This surname is practically the same in both its Irish and Anglicized forms. In Irish it is spelled "O Flannagain," which is probably derived from the adjective flann meaning reddish or ruddy. It belongs to Connacht both by origin and location (i.e. present distribution of population). Flanagan (and O'Flanagan, for this is one of those names with which the prefix is frequently retained) is sixty-ninth on the list of the most common surnames in Ireland. Spelling variations of the name include: Flanagan, Flanaghan, Flangan, Flanigan, Flannagan, Flannigan, Flanningan, Flanikin, Flanakin, Flanagin, Flanigin, Flenniken, Flannacan, Flannacain, and any of these prefixed with an O'. Names derived from FLANN, are Flanagan, Flanagin, Flannagan, Flanaghan, Flanigan, Flinn, Flynn, Glenn, Glynn, Linn, Lynn, Macklin, Maglin, Maglon, McGloin, MacFlancha, Clanchy, Clancie, Clancy, MacClanchy, Clinch and Clanchy.

Flanagan, first recorded in 9th century Ireland, was the surname of five distinct families located in diverse parts of the country. The principal Flanagan sept, originally established in County Roscommon, remains numerous there today as well as the western seaboard counties Mayo, Galway and Clare. A branch of the Sil Murray, they descend from Muireadhach Muilleathan, King of Connacht [d. 701]. Flanagan, from whom they derived their surname, was of the same lineage as the royal O'Connors, his heirs holding the hereditary post of Steward to the Kings of Connacht and Chiefs of Clan Cathail, a considerable district which embraced several parishes in the area lying between Mantua and Elphin. Their Chief was seated in Frenchpark in Roscommon. Another leading sept, founded in Waterford were Chiefs of Uachtartire in Upperthird barony in the northwest of the county. For over three hundred years, they were the predominant family in the region until unseated by the Anglo-Norman Powers. Ulster Flanagans, Chiefs of Tuath-ratha, were of the Oirghialla Clan; their ancestors were the celebrated Three Collas, 4th century Chiefs of the province. These Flanagans controlled a vast territory in Magheraboy barony, in northwestern Fermanagh. Of the two Leinster septs, the Flanagans of Ely O'Carroll were the more prominent. Together with the O'Carrolls, they stemmed from the Lord of Ely who fought at Clontarf in 1014. Until the Anglo-Norman invasion in the year 1171, they were Chiefs of Cinel Arga, a district co-extensive with the present day barony of Ballybrit, County Offaly. In early times the Flanagans of County Westmeath were one of the most important in the province of Leinster, being Lords of Comair and sometimes of all Teffia.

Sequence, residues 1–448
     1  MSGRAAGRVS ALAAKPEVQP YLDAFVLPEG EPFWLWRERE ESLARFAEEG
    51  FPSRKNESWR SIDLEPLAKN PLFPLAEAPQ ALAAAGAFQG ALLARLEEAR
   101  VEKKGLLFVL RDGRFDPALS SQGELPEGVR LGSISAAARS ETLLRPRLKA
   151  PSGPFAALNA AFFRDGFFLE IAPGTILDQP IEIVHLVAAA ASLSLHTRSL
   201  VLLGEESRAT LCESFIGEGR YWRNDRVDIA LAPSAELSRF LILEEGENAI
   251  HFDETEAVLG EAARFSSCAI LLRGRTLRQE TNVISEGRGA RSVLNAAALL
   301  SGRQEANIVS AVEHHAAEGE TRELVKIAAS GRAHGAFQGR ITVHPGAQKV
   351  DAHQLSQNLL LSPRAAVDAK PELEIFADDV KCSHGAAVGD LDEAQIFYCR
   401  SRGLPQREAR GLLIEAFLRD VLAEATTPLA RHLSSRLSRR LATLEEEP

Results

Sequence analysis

Flanagans have migrated to every corner of the globe. In the internet age, an international family association has been formed called ClanFlanagan[1]. Affiliated with the Clans of Ireland[2], the goals of ClanFlanagan are to provide a venue for sharing historical and genealogical information as well as social interaction between Flanagans of all lines.

Those who have websites which include details of Flanagan Genealogy are encouraged to add their Flanagan websites to this list:

  • Briggs' Flanagan Page [3]
  • Connor's Genealogy, Flanagan Page [4]
  • Chris Petersen's Flanagan Page [5]
  • Carl Flanagan's Family Tree Maker Page [6]
  • Granuaile O'Flanagan's Flanagan Family Page [7]
  • Mike Flanagan's Genealogy Page [8]